As a 20-year veteran middle school teacher, I learned very early in my career that if you don’t physically move middle school students sometime during your lesson or class time, they will move you in ways you wish you could forget. Providing students an opportunity to move is critical to your survival, as well as to helping your students stay engaged throughout your lesson.
Brain research tells us that students can actively listen to their teachers for as many minutes as their age. That means, for a middle school student, 15 minutes is about the longest time they will sit still and listen before they need to get up and move.
Many teachers dread transitions, fear student movement, and think that the less students move the fewer problems they will have in their classrooms. In reality, that mindset is counter-intuitive and works against the very nature of the young adolescent.
The Ground Rules
Before we get them moving, let’s set the ground rules for movin’ and groovin’ in your class.
- Be purposeful in how you move your students. Plan carefully: When will it happen, how will it happen, how long will it take, and how will you refocus them?
- Anticipate the challenges. Is there enough room for the activity you have planned? Can you see all the students while they are moving? Do certain students need to be watched closely?
- Plan how to direct your students back to you and to the lesson. Will you play music, ring a bell, blow a whistle? Did you teach your students what to do when they hear the sound (stop what they are doing, close their mouths, and place eyes on you)?
- Have a back-up plan if the activity fails to meet your expectations. Will you adopt the mantra of “If the movement creates problems, I will never let them move again”? Or will you recognize that students may need to be retaught what is expected of them when they are allowed to move?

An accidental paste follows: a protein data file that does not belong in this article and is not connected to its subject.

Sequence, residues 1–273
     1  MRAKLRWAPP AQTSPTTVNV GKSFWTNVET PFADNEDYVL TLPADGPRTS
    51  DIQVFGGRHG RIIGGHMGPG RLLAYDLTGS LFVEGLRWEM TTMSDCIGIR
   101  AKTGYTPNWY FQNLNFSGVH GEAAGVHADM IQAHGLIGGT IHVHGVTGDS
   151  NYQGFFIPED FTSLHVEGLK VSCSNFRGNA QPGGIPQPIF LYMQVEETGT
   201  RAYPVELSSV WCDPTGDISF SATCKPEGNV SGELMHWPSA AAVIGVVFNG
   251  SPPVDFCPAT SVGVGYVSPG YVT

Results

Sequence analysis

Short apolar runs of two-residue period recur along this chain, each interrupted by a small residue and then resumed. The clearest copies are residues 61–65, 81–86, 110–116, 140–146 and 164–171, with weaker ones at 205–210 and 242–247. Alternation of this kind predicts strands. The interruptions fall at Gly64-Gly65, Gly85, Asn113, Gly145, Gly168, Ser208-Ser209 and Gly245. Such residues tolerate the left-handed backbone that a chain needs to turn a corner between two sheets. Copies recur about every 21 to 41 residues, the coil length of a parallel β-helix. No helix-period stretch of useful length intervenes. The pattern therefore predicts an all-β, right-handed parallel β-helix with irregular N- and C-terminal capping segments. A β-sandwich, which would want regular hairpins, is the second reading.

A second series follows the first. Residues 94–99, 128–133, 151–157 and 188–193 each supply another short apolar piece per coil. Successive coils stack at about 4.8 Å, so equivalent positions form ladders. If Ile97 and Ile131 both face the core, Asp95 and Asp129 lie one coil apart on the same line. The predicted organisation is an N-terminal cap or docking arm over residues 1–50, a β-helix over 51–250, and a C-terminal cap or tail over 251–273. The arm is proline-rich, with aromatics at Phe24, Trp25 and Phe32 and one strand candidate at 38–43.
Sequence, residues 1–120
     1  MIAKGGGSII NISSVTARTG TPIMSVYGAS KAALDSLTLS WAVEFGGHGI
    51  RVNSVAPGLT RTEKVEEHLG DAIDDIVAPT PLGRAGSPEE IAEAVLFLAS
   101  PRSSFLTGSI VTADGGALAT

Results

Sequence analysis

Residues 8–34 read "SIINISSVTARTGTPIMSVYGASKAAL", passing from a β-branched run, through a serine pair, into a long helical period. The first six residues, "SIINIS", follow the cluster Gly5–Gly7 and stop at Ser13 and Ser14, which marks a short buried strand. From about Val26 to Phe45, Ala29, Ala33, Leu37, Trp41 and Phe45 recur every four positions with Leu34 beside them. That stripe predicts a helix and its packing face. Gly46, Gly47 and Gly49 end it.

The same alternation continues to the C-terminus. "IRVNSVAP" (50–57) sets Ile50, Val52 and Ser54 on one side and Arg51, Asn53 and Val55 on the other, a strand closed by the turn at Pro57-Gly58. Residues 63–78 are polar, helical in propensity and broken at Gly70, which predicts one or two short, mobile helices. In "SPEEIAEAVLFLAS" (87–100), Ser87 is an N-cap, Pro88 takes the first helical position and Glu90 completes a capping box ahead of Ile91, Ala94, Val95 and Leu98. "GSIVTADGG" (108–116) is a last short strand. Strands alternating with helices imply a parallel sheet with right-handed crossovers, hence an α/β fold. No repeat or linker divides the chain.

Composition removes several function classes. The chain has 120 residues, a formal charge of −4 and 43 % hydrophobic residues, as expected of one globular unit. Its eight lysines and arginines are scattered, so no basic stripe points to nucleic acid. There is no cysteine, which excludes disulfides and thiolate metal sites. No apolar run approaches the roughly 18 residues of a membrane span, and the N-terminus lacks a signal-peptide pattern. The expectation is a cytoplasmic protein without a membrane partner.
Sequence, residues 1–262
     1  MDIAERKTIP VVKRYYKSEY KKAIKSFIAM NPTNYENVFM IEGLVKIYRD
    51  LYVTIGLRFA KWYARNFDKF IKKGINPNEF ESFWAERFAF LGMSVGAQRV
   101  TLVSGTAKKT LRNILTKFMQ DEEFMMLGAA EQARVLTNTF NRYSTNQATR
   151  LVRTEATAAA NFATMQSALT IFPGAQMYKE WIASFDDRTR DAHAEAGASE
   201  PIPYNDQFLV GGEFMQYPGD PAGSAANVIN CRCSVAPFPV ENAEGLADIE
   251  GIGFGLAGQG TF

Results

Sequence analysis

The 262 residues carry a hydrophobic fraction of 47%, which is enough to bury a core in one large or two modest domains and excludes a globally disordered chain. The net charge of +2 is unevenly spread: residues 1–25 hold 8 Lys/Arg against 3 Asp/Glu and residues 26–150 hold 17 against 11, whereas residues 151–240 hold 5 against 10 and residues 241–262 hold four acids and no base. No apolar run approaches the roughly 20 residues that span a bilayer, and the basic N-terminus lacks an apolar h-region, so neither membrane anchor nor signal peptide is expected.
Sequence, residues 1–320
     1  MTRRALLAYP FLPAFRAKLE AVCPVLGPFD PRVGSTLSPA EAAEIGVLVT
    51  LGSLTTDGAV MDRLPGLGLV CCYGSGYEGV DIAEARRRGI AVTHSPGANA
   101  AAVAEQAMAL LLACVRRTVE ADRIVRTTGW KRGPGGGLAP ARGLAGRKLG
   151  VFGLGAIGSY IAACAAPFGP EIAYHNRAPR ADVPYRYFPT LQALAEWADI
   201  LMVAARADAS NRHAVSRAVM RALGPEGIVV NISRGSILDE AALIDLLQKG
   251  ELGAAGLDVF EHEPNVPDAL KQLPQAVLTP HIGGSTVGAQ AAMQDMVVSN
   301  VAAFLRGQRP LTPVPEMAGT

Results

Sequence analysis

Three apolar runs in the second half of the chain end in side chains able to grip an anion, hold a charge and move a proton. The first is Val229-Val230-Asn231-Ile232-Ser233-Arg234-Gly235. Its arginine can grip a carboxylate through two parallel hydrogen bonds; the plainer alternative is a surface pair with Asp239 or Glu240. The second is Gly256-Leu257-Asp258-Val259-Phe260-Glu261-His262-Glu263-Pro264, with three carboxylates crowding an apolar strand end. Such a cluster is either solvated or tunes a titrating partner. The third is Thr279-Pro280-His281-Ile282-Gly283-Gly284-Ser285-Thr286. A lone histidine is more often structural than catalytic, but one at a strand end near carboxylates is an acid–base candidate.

Taking the time to consider these ground rules will help you maintain your sanity and help your students stay focused and engaged in the lesson.
Getting students up and moving is easy when you make a game out of learning.
So, let’s get them movin’! Listed below are several ways you can incorporate movement into your classroom. Some examples get students out of their seats for a quick structured break and others are intended to provide movement while students are engaged in the content.
Board games are a great way to engage and motivate your students as they review content. To incorporate movement during the board game, add spaces that require students to do 10 pushups or 10 jumping jacks. Not only are students learning, they also are exercising while they are in social studies or math class. Your PE teachers will love you!!
Put the directions on the back of the laminated board game you have created and simply hand out the game. Instruct students to read the directions and get started. Remember Robyn Jackson’s advice from her book, Never Work Harder Than Your Students: Never work harder than your students!
The following activity involves the use of an iPad, cell phone, or flip camera. Begin the lesson by giving a brief lecture (no more than 15 minutes) on the topic of the day. Students take notes, then work with a partner to write a 20-word summary of what they learned from the teacher’s brief lecture.
After students complete the 20-word summaries, they must video record each other sharing what they learned, without using notes. Students can videotape using their iPad, cell phone, or flip camera. Limit the length of the video so students are forced to be concise.
Come and Give It—Come and Get It!
A simple way to add movement is to have students carry their assignment to you rather than “passing it forward.” You might suggest that they give you a compliment as they hand it to you. (Brace yourself for complete honesty!) Or give them a compliment!